Two years after a spill gate failed and emptied Lake Dunlap on the Guadalupe river, construction of a newly fortified dam began in May and is expected to reach completion in May 2023.

The road to getting to this point weaved together coordination and cooperation of efforts between the Guadalupe-Blanco River Authority, the Texas Water Development Board, the Texas Commission on Environmental Quality and the creation of a taxing district—the Lake Dunlap Water Control and Improvement District. That district encompasses about 500 residences and businesses along the Guadalupe River from the Faust Street bridge to the dam, WCID President Doug Harrison said.

“We actually got final approval of contract work and everything to start and had the groundbreaking on May of this year, so we’re right at two years from when it broke, to get a district created, get all the government approvals, get a contractual relationship created between that new taxing district and GBRA,” Harrison said.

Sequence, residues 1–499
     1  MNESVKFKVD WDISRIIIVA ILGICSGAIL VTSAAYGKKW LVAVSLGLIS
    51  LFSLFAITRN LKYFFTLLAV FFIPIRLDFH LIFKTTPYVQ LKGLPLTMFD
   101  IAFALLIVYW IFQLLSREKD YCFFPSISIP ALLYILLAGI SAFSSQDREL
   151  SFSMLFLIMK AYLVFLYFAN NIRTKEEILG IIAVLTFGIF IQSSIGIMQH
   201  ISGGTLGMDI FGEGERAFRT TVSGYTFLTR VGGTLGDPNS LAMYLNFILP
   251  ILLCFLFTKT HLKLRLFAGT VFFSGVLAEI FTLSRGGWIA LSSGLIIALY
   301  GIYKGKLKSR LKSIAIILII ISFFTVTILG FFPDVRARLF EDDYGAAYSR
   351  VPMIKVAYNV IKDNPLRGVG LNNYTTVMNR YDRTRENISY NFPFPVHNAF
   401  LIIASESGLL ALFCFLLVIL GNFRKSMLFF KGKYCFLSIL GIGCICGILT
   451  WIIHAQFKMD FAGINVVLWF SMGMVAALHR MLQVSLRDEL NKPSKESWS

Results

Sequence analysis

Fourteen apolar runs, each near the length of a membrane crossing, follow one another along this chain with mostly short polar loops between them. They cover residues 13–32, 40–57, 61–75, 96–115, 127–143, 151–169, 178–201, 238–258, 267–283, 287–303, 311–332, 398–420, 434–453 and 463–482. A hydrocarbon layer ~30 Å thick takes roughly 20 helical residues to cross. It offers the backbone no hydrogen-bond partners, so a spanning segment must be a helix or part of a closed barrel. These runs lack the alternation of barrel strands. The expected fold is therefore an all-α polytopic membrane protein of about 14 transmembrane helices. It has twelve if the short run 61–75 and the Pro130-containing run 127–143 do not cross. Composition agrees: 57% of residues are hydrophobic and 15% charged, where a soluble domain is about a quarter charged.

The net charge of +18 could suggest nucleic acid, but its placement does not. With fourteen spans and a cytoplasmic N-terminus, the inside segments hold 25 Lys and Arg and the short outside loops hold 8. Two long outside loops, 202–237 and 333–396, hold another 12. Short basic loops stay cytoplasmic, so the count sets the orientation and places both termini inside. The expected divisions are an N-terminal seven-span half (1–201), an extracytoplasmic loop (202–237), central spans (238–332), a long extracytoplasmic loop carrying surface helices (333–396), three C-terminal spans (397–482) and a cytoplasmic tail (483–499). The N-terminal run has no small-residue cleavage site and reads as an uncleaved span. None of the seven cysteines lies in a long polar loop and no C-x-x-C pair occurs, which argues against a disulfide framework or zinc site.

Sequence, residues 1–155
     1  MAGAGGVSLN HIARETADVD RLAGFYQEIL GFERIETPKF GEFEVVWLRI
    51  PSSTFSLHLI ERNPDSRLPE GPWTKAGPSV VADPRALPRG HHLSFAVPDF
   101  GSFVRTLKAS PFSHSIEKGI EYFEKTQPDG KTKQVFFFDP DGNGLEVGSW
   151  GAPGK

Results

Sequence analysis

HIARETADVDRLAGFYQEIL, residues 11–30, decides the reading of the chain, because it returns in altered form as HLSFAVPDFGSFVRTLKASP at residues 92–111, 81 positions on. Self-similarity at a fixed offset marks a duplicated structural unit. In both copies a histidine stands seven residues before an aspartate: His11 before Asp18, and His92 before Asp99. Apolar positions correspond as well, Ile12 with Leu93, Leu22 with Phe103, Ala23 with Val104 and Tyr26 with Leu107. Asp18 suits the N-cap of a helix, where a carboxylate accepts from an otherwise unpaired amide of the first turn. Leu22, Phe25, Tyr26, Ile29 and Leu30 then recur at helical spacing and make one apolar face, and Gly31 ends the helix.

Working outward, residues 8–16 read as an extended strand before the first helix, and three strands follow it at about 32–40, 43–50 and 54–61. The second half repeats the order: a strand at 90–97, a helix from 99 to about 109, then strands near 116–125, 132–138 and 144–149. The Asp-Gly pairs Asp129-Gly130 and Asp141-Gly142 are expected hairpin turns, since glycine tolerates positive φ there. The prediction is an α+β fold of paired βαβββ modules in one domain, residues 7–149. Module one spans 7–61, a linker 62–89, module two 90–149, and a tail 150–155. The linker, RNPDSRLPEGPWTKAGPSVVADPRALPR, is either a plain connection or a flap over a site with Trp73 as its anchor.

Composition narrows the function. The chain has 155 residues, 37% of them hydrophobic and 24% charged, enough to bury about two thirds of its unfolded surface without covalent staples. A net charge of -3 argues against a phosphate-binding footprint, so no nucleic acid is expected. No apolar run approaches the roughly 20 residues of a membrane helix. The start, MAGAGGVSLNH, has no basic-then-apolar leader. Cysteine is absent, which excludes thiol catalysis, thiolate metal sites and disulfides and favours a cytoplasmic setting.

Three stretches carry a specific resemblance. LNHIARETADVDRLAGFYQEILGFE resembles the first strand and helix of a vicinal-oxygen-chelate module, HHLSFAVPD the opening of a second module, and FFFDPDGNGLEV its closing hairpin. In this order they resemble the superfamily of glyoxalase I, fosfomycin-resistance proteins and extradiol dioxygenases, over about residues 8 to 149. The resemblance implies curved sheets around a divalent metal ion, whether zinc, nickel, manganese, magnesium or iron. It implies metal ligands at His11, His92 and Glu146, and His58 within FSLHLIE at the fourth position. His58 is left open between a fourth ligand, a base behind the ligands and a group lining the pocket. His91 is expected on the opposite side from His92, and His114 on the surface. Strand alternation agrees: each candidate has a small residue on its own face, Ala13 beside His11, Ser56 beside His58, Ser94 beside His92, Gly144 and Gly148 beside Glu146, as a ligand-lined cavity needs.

The district held a public hearing Sept. 21 on a proposed tax rate of $0.20 per $100 of property valuation. The electric utility Guadalupe Valley Electric Cooperative will purchase hydroelectric power generated by the new dam, and the funds from that purchase will help subsidize the debt service, he said.

“To get all that work done, created, set up and running took two years. It was two long years for the neighbors on the lake with no water, but in governmental terms I was pretty amazed that all came together,” Harrison said.

Voters approved the creation of the WCID in November 2020, and voters who live on or around Lake McQueeney and Lake Placid with aging dams in the Guadalupe Valley Lakes system overseen by GBRA also created their own WCIDs.

The dams were put into service between 1928 and 1932, and in total six hydroelectric dams were built at that time. According to GBRA, all six of the dams have surpassed their projected useful lifespan of 90 years, which had led to increased maintenance costs and unreliable operation prior to the 2019 spill gate failure.

“All the dams are very close to the same age. When they came out and did this project originally in the early 1900s, and they built all of them very fast as part of a big hydroelectric project back then,” Harrison said.

San Antonio-based Zachry Construction Corp. has begun the $35 million project that will rebuild all three spill gates on the dam as well as widen the existing structure by 15 feet to include new gates, according to Zachry Construction. New concrete armoring will be installed along the existing 1,500 foot core wall.

Prior to its failure in 2019, maximum depth at Lake Dunlap was 40 feet near the dam. Water recreation has all but ceased since that time.